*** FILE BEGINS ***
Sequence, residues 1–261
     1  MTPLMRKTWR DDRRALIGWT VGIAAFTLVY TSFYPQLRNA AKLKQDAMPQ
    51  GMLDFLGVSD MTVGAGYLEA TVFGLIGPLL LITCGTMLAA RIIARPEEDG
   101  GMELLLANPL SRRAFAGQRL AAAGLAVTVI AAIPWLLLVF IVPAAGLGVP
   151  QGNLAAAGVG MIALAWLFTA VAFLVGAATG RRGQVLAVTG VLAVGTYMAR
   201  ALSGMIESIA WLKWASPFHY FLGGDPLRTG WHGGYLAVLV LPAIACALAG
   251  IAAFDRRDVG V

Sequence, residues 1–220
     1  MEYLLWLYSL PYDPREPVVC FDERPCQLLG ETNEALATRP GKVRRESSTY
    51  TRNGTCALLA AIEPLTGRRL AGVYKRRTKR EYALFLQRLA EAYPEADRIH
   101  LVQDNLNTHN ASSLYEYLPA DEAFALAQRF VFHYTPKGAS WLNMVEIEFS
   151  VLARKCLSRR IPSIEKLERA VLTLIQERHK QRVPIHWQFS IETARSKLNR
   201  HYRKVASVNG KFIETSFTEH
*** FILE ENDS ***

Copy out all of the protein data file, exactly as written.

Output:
Sequence, residues 1–261
     1  MTPLMRKTWR DDRRALIGWT VGIAAFTLVY TSFYPQLRNA AKLKQDAMPQ
    51  GMLDFLGVSD MTVGAGYLEA TVFGLIGPLL LITCGTMLAA RIIARPEEDG
   101  GMELLLANPL SRRAFAGQRL AAAGLAVTVI AAIPWLLLVF IVPAAGLGVP
   151  QGNLAAAGVG MIALAWLFTA VAFLVGAATG RRGQVLAVTG VLAVGTYMAR
   201  ALSGMIESIA WLKWASPFHY FLGGDPLRTG WHGGYLAVLV LPAIACALAG
   251  IAAFDRRDVG V

Sequence, residues 1–220
     1  MEYLLWLYSL PYDPREPVVC FDERPCQLLG ETNEALATRP GKVRRESSTY
    51  TRNGTCALLA AIEPLTGRRL AGVYKRRTKR EYALFLQRLA EAYPEADRIH
   101  LVQDNLNTHN ASSLYEYLPA DEAFALAQRF VFHYTPKGAS WLNMVEIEFS
   151  VLARKCLSRR IPSIEKLERA VLTLIQERHK QRVPIHWQFS IETARSKLNR
   201  HYRKVASVNG KFIETSFTEH